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Executing Database Commands Asynchronously with ADO.NET 2.0 : Page 2

Microsoft's upcoming ADO.NET 2.0 gives you the ability to execute SQL commands asynchronously, sidestepping the blocking effect of making lengthy database calls and letting you make multiple queries simultaneously, using polling, WaitHandles, or delegate notification to know when query execution completes.

Executing Asynchronous SQL Commands
This example shows how to execute a command asynchronously using the callback feature. To start, create a VB.NET Windows Forms application named AsyncFeatures using Visual Studio 2005, and rename the default form Form1.vb to AsyncCallbackExample.vb. Place a command button on the form. Now modify the code in the AsyncCallbackExample.vb file to look like Listing 1.

The code in Listing 1 declares two private variables to hold the SqlConnection and SqlCommand objects. The Button1_Click event contains the meat of the code, and starts by defining a variable to hold the connection string. Note that the async attribute is set to true in the connection string. Then the code creates instances of the SqlConnection and SqlCommand objects, passing in appropriate parameters to their constructors. Finally, the code invokes the BeginExecuteReader method of the SqlCommand object, passing in the callback method named QueryCallback as an argument. When the SQL command has finished executing, ADO.NET will automatically invoke the QueryCallbackMethod, passing the corresponding IAsyncResult object as a parameter.

The QueryCallbackMethod invokes the SqlCommand object's EndExecuteReader method to obtain the query execution output—a SqlDataReader object, in this case. Then the code simply displays the number of records returned from the query in a message box.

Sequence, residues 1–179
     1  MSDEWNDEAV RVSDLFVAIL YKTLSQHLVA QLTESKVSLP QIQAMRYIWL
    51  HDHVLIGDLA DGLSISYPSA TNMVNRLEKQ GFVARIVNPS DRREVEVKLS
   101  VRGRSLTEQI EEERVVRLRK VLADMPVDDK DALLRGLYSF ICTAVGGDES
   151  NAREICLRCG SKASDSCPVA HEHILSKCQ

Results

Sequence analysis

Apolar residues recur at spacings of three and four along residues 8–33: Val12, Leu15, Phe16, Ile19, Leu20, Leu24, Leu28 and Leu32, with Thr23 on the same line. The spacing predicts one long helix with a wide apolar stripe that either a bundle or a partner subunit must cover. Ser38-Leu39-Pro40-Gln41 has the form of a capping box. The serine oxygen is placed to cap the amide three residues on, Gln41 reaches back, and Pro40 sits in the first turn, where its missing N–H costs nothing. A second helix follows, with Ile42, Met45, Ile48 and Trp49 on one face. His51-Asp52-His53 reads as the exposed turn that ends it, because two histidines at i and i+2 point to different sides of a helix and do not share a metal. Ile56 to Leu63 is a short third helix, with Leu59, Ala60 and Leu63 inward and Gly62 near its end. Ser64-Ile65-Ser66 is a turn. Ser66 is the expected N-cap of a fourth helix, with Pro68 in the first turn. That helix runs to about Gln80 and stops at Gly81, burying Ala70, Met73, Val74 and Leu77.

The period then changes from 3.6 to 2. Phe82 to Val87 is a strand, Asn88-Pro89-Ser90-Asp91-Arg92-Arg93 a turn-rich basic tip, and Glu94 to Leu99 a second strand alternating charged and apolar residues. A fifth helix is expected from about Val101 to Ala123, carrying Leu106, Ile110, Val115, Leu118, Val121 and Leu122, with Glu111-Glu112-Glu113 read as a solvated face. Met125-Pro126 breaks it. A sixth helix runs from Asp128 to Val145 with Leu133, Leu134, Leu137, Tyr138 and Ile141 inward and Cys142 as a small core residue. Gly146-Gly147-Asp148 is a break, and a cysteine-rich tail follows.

Executing Multiple Queries in Parallel
So far, you have seen how to execute a single command asynchronously using the callback feature. In this section, you'll see how to execute multiple commands at the same time by taking advantage of the asynchronous features of ADO.NET.

This example executes two different queries in parallel to retrieve author and employee details from two different databases. For the purposes of this example, add a Windows Form named AsyncQueryExample.vb to the project and place a command button on the form. In the button's Click event code, invoke a method named ExecuteAsyncQueries, shown in Listing 2.

In this example, you create two different SqlConnection objects that point to the Northwind and Pubs databases respectively. Then the code invokes two different BeginExecuteReader methods to fire off SQL select queries against the authors table in the Pubs database and the employees table in the Northwind database. After that, the code retrieves the query results by calling the EndExecuteReader methods. Finally, it displays the results in two list boxes. Note that the call to the EndExecuteReader method is a blocking call—meaning that if the query hasn't finished executing, the code will be blocked until the query completes.

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